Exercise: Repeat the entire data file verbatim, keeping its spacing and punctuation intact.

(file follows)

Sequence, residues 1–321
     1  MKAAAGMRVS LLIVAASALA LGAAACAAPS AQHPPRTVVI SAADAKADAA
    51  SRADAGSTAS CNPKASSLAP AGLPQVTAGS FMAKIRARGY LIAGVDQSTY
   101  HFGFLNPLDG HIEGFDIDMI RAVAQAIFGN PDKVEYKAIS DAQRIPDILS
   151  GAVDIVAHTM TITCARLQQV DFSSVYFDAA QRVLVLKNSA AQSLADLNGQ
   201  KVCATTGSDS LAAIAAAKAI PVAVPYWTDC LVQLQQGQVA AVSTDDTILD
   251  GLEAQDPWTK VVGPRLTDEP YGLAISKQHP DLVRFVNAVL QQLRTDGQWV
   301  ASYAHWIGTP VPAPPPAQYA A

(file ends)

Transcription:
Sequence, residues 1–321
     1  MKAAAGMRVS LLIVAASALA LGAAACAAPS AQHPPRTVVI SAADAKADAA
    51  SRADAGSTAS CNPKASSLAP AGLPQVTAGS FMAKIRARGY LIAGVDQSTY
   101  HFGFLNPLDG HIEGFDIDMI RAVAQAIFGN PDKVEYKAIS DAQRIPDILS
   151  GAVDIVAHTM TITCARLQQV DFSSVYFDAA QRVLVLKNSA AQSLADLNGQ
   201  KVCATTGSDS LAAIAAAKAI PVAVPYWTDC LVQLQQGQVA AVSTDDTILD
   251  GLEAQDPWTK VVGPRLTDEP YGLAISKQHP DLVRFVNAVL QQLRTDGQWV
   301  ASYAHWIGTP VPAPPPAQYA A